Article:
Quaker worship was persuasive, even plausible, to blacks for whom a godly connect was of primary importance. We looked at Quakerism through the lens of freedom and faith, rather than comprehending the nature of societal limits through the lens of practicality. Comprehending worship involvement was of primary importance. Religion is the contact point between blacks and Quakers—not only worship, but other things, like freedom and, ultimately, the politics of non-violence as an evangelical commitment in the active war against racism.

They owe us the liberal language of God-talk and the sense of taskcraft. In confronting the irrational fact of hatred rooted in the engagement of skin color we need the strong counterweight of the Quaker inward presence of quiet exercise. We do not need to be, as was George Fox, a “public Friend.” Quakers owe us an understanding of Fox’s designation concerning Substance and Shadow, Eternity and Time, and the uplifting power of Fox’s philosophical view.

We are not owed an interesting dramatization of our plight enacted in pageantry scenes of brutality and ending in deafening hosannas. Nor are we owed the genteel personifications of utopian fantasies. No! The rich reality of more than a perfunctory attention to the decorous visions of a truly co-operative society, and the impertinent assaults against the rapier innuendoes saddled upon us is what we are owed. I am irritated by the vagaries of the impiously idealistic Quakers too committed to bourgeoisie conventionalities to honor in common the social gospel of our spiritual ancestors. Our struggles are outfitted with a veritable arsenal of warriors who refused to subordinate their worship to the tyrannies of their time outfit our struggles.
I am sobered with the belief that Quakers are not intoxicated with the behavior of life towards blacks. Just as the existential hero is cured by truth while suffering the ordeal of the uninitiated, I understand the conditional nature of debt burden. What Quakers owe blacks is a new infatuation of ontological awareness. It is a phase, a rush of alertness, a primary drama of revelation. Perhaps revelation is too much, somehow; too biblical; too heroic; familiarly grandiose, and therefore disfiguring.
America, the great Rubicon of opportunity, where Quakers were the worship alchemists whose elixir of survival provided moral and physical salvation for Africans imprisoned with unfamiliarity’s everywhere in evidence: people with pale skin; unconquerable words and language; fierce dilemma of malleable perceptions of anger and joy; complex ideas that mistook and confused; and tricksters whose slight of hand and deceit revealed the somber fictions of life. If anything, Quakers owe blacks their unique qualities of reflective spirituality. By this I mean the listening and confidentiality one encounters with the contemplative risen soul that is the preserve of Quaker worship.

Quakers owe us the consummated act of Listening. The kind of listening that requires one to measure oneself in relation to blues grooves and the emergent understanding of gospel growls and spiritual grousings as a source of moral equipoise, not to mention a principled sense of worship. This is neither the interview listening that generates data, nor the dumbed down Gerber food renderings for tete-a-tete documentaries of the unintelligible. It is a kind of interlocutory listening that brings social recognition and human relationships centered on understanding as a helpmate. In the variable and complex parameters of listening, Quakers owe us the kind of listening that can eventuate in fairness of understanding.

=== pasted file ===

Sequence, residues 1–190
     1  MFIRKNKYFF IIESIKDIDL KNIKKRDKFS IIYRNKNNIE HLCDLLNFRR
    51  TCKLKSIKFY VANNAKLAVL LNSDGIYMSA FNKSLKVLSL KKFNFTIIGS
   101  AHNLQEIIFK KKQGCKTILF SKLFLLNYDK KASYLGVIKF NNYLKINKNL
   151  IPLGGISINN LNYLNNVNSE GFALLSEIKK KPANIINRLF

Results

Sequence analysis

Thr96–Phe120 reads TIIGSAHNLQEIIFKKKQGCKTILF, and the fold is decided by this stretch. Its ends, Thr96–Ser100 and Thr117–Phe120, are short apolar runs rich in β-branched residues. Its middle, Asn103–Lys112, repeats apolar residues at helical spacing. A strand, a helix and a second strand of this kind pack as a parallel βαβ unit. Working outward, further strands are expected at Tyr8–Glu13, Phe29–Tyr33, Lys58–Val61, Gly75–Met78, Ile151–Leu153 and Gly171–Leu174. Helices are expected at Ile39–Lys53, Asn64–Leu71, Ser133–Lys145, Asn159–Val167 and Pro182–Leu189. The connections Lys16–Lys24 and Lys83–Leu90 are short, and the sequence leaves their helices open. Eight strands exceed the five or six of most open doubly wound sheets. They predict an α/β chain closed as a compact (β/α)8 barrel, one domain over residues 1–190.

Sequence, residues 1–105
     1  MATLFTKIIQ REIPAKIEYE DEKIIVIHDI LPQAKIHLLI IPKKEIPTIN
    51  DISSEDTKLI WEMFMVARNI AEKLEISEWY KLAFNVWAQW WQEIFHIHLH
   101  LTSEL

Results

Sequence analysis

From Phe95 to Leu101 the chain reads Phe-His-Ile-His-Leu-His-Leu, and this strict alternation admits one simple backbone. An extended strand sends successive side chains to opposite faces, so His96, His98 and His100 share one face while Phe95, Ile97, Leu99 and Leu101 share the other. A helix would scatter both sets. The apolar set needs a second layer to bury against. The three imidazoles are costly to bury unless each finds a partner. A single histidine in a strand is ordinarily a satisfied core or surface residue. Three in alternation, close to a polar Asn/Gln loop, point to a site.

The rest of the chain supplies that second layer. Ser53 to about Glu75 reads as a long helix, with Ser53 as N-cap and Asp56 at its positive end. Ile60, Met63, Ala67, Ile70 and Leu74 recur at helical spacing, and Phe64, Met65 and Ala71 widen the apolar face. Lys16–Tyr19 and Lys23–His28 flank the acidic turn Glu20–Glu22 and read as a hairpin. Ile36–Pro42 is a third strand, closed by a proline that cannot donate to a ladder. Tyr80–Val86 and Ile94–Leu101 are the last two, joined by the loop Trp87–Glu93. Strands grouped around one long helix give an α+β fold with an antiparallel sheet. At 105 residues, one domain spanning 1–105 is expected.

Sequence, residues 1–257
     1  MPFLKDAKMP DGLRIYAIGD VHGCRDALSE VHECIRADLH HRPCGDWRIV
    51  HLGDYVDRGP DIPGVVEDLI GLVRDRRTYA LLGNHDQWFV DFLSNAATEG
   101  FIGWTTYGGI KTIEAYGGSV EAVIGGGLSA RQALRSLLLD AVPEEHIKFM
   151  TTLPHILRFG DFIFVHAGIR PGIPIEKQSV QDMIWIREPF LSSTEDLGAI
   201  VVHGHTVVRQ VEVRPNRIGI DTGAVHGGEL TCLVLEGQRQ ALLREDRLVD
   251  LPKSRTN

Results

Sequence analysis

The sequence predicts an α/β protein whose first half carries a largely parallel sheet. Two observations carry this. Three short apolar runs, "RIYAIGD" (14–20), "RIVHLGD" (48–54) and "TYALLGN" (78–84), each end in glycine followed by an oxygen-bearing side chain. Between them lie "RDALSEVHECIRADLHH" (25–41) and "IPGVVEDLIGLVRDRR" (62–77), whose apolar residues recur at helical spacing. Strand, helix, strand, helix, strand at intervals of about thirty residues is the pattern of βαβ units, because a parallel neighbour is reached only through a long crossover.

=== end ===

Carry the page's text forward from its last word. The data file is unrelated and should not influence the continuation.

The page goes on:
Quakers owe blacks their engaged and focused reflection on the demystification of the racial issue—making it an empathetic issue—and connecting it to justice. They owe blacks the equity, liberty, and familiarized connection or sense of affiliation to the action of radicalized justice ministry. Such a broad collaboration of Quakers, taken not out of guilt but an understanding of the issues and the affect of Quaker willingness to relocate their nourishing, can provide a sanctuary for them.
Friends are one of the most visible exponents of idealistic sentiment about equality of human beings. That’s why they owe us a moral understanding of religious interest and the transcendent. They clearly understand the multiple problems that plague us: perpetual poverty of shelter, hunger, joblessness, powerlessness, and living daily with racism. In an unshowy manner they owe us the arresting stoicism of their meretricious behavior in tawdry situations.

What Quakers owe may seem an odd question. An answer requires some diversionary routes between the embracing by the Society of Friends and the blacks that betook themselves to the bosom of Quakerism. The owing by Quakers is a transformative truth that is economic, not physical: Quakers and blacks share the same degree of unpromising classification. The shifting axis of direction defines the spatial reality that each enjoys. The goal of Quaker spirituality never was to capture the heart of blacks with religious aspirations and the actuality of George Fox and John Woolman. Blacks and Quakers are related to each other not by any fixed coordinates, but by the proximity of our layered contexts of worship connections. Blacks hovered in that space between the indefinite boundaries and dimension of American culture and the geographic fiction of Africa. We are still trying to reconcile and transform ourselves into a national distinctiveness.